Ted Kramer's wife leaves her husband, allowing for a lost bond to be rediscovered between Ted and his son, Billy. But a heated custody battle ensues over the divorced couple's son, deepening the wounds left by the separation.
An elderly Jewish widow living in Atlanta can no longer drive. Her son insists she allow him to hire a driver, which in the 1950s meant a black man. She resists any change in her life but, Hoke, the driver is hired by her son. She refuses to allow him to drive her anywhere at first, but Hoke slowly wins her over with his native good graces. The movie is directly taken from a stage play and does show it. It covers over twenty years of the pair's life together as they slowly build a relationship that transcends their differences. Written by
John Vogel <email@example.com>
Three black men are seen crossing railroad tracks in Atlanta. All three of these men are descendants of the real person (Will Coleman) that the "Hoke" character was based upon. See more »
When dropped off at the Christmas party: The car stops between the window and the door of the house; but in the close-up shot of Miss Daisy in the car, they're right in front of the window. See more »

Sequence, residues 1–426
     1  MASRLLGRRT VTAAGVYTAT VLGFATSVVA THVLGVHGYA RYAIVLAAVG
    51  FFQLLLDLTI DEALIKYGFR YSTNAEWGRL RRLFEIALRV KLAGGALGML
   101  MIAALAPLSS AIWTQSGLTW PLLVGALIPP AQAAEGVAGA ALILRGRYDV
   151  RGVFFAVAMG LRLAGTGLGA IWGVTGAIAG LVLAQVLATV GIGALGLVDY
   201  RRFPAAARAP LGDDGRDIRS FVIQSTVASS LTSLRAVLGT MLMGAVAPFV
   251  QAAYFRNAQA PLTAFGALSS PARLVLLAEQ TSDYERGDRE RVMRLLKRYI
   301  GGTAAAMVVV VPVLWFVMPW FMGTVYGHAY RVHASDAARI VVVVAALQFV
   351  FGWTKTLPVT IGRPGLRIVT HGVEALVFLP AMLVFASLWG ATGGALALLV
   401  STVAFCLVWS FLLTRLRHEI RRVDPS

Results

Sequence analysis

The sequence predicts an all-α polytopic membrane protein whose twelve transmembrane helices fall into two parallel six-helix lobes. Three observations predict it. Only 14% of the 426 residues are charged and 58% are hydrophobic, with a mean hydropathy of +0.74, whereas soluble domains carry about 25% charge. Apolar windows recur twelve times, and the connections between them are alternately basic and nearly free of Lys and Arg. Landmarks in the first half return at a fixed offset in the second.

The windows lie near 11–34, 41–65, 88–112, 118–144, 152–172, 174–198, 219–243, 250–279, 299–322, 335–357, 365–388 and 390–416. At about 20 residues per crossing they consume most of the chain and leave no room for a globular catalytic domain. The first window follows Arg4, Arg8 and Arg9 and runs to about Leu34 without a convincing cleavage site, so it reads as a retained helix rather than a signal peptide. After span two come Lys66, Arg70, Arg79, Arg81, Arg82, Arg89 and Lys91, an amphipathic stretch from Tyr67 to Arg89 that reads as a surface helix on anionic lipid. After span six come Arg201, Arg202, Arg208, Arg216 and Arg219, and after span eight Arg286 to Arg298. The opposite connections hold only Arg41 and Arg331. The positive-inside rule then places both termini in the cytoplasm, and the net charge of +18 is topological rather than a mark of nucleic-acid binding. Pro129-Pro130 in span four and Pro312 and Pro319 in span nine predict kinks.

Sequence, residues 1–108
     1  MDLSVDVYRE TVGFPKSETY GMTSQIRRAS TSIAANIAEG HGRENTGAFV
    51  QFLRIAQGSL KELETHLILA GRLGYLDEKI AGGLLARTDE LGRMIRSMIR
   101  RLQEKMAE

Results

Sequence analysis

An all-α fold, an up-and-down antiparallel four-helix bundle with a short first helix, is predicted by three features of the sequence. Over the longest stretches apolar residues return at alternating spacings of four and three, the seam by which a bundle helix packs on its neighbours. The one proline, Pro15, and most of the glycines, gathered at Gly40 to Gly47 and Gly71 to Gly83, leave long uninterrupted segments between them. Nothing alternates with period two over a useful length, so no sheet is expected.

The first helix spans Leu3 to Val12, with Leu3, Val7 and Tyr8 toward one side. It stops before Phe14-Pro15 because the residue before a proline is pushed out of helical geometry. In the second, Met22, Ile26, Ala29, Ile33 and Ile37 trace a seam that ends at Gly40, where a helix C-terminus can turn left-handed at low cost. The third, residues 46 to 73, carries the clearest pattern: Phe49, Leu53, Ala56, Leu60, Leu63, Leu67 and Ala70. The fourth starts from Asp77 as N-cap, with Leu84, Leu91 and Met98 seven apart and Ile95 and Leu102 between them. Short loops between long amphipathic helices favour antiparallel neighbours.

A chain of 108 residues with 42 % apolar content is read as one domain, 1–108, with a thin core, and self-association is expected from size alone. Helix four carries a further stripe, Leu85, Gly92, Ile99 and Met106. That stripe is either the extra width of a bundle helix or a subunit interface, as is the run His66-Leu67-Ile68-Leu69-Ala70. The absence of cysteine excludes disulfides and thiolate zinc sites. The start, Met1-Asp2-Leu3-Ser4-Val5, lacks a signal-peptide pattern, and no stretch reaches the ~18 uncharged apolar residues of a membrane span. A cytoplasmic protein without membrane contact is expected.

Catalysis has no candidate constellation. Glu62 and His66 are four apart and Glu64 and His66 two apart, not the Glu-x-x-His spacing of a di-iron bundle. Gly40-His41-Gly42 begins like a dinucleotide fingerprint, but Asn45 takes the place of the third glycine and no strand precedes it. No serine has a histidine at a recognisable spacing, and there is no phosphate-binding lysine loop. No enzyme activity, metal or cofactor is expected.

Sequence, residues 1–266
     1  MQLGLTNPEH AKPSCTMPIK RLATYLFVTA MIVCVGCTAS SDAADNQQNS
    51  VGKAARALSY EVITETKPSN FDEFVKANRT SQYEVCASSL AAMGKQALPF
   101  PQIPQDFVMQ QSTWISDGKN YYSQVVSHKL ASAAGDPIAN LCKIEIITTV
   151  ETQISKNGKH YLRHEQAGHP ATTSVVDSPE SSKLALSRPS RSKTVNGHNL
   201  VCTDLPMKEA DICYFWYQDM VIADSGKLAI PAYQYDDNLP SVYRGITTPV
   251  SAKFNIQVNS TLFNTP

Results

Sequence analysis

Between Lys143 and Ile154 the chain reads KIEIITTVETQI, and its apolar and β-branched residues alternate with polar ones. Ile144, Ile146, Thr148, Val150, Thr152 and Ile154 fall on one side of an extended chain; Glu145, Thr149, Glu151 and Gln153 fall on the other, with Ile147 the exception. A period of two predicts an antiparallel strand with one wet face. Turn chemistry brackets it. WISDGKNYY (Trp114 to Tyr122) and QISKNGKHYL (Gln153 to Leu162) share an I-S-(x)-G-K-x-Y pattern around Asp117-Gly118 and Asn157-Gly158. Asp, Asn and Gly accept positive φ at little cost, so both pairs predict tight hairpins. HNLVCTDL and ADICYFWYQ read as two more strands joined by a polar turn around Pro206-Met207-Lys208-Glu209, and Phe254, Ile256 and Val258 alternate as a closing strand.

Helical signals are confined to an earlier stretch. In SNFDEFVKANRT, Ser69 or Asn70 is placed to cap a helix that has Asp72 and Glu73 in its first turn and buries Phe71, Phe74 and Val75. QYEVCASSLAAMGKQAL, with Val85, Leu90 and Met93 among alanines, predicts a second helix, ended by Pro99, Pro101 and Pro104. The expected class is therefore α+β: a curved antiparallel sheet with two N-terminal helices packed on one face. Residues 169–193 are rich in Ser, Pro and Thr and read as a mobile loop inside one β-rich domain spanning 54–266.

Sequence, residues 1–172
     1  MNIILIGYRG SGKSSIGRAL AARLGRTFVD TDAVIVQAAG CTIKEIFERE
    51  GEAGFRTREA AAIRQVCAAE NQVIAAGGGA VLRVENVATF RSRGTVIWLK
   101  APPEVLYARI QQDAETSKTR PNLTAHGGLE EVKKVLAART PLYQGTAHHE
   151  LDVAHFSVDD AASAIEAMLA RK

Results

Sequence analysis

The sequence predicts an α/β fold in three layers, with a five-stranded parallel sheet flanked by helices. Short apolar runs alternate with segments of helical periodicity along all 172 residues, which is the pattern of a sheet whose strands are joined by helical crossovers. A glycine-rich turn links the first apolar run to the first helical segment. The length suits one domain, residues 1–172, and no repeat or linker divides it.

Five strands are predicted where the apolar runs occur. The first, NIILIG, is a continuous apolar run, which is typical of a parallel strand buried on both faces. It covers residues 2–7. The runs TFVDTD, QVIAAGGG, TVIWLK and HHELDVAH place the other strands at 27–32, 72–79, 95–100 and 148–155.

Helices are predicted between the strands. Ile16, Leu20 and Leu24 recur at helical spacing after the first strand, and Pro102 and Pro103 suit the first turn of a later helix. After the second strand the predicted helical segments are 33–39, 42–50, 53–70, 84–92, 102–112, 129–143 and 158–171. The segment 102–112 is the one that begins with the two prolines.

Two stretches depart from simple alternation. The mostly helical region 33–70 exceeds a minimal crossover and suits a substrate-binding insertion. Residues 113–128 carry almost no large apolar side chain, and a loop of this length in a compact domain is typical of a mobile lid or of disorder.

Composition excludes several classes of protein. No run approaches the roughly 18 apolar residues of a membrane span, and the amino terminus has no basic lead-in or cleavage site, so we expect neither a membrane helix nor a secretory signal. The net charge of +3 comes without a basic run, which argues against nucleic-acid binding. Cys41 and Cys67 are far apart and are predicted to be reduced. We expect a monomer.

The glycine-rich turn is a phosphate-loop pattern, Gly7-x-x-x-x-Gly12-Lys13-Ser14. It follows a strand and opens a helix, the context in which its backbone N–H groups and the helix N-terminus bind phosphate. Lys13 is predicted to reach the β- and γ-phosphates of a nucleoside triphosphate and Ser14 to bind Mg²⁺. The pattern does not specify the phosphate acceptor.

Hoke, I want you to understand something. Now, you'd be working for me. She
[referring to Daisy]
can say anything she likes, but she can't fire you. You understand?
Yes, sir. Yes, sir, I sure do. And, don't you worry about a thing, Mr. Werthan! I'm gonna hold on no matter how she run me. You see, I used to rassle hogs down yonder in Macon, and, let me tell you, ain't no hog got away from me yet!
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Man, did I change my mind about this film, maybe more than any film I've ever watched. The first time I saw it I did not like it and thought it was very overrated. Why I gave more looks, I don't really remember but it went to "fair" the next time and "excellent" by the third. I think the main reason is that I shifted my focus off the irritable old woman (Jessica Tandy) to the long-suffering servant (Morgan Freeman).
Once I looked at this story through "Hoke's" eyes, it became an inspiring story. Freeman's character, "Hoke Colburn," simply provides the best the example of a what true servant of God should act like, plain-and-simple. It's one of the best examples on film I've seen of of patience, kindness, dedication and dignity in a difficult situation. It's also always inspiring to see a nice, good person overturn and win over the opposite with sheer kindness.
Another factor that has raised my rating of this film is the latest "newly-restored widescreen edition," which finally presents this movie as it should be, with all its beautiful cinematography. The sets in here are great, a terrific look at the 1950s through storefronts, billboards, automobiles, etc.
One thing this film taught me: "Hoke's" attitude isn't the only important aspect of this story. It's how we, as viewers, look at things, too, that makes a difference.
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